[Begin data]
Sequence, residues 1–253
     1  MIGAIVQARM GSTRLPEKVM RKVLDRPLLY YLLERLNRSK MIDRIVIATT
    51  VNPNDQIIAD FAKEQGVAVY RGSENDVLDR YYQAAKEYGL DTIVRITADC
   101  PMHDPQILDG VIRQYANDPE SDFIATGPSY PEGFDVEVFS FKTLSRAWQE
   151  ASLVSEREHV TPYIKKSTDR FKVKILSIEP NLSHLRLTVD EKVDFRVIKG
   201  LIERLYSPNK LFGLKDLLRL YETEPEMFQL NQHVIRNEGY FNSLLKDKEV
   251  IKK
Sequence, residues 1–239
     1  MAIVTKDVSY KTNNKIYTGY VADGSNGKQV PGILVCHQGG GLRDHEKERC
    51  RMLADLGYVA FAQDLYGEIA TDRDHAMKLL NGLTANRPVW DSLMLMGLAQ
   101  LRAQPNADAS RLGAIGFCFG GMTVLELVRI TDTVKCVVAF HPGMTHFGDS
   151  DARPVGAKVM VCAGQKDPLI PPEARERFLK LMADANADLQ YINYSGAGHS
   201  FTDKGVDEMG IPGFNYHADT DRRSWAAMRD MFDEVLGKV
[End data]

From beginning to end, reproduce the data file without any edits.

Sequence, residues 1–253
     1  MIGAIVQARM GSTRLPEKVM RKVLDRPLLY YLLERLNRSK MIDRIVIATT
    51  VNPNDQIIAD FAKEQGVAVY RGSENDVLDR YYQAAKEYGL DTIVRITADC
   101  PMHDPQILDG VIRQYANDPE SDFIATGPSY PEGFDVEVFS FKTLSRAWQE
   151  ASLVSEREHV TPYIKKSTDR FKVKILSIEP NLSHLRLTVD EKVDFRVIKG
   201  LIERLYSPNK LFGLKDLLRL YETEPEMFQL NQHVIRNEGY FNSLLKDKEV
   251  IKK
Sequence, residues 1–239
     1  MAIVTKDVSY KTNNKIYTGY VADGSNGKQV PGILVCHQGG GLRDHEKERC
    51  RMLADLGYVA FAQDLYGEIA TDRDHAMKLL NGLTANRPVW DSLMLMGLAQ
   101  LRAQPNADAS RLGAIGFCFG GMTVLELVRI TDTVKCVVAF HPGMTHFGDS
   151  DARPVGAKVM VCAGQKDPLI PPEARERFLK LMADANADLQ YINYSGAGHS
   201  FTDKGVDEMG IPGFNYHADT DRRSWAAMRD MFDEVLGKV